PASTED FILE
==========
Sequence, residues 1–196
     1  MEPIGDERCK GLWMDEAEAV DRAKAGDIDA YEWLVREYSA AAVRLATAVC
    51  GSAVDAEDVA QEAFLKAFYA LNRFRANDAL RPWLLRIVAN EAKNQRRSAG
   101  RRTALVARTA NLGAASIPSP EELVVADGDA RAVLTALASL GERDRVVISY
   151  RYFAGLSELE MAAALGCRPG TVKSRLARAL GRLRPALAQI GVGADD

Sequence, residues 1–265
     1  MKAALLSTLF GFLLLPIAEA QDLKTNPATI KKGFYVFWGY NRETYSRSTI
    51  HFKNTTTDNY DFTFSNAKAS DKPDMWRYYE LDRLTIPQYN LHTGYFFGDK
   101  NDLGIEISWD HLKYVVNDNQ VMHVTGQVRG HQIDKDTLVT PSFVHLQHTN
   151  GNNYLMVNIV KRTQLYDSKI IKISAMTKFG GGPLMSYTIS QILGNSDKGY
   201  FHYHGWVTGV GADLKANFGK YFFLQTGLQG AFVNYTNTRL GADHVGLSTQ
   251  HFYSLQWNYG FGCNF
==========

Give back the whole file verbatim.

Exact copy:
Sequence, residues 1–196
     1  MEPIGDERCK GLWMDEAEAV DRAKAGDIDA YEWLVREYSA AAVRLATAVC
    51  GSAVDAEDVA QEAFLKAFYA LNRFRANDAL RPWLLRIVAN EAKNQRRSAG
   101  RRTALVARTA NLGAASIPSP EELVVADGDA RAVLTALASL GERDRVVISY
   151  RYFAGLSELE MAAALGCRPG TVKSRLARAL GRLRPALAQI GVGADD

Sequence, residues 1–265
     1  MKAALLSTLF GFLLLPIAEA QDLKTNPATI KKGFYVFWGY NRETYSRSTI
    51  HFKNTTTDNY DFTFSNAKAS DKPDMWRYYE LDRLTIPQYN LHTGYFFGDK
   101  NDLGIEISWD HLKYVVNDNQ VMHVTGQVRG HQIDKDTLVT PSFVHLQHTN
   151  GNNYLMVNIV KRTQLYDSKI IKISAMTKFG GGPLMSYTIS QILGNSDKGY
   201  FHYHGWVTGV GADLKANFGK YFFLQTGLQG AFVNYTNTRL GADHVGLSTQ
   251  HFYSLQWNYG FGCNF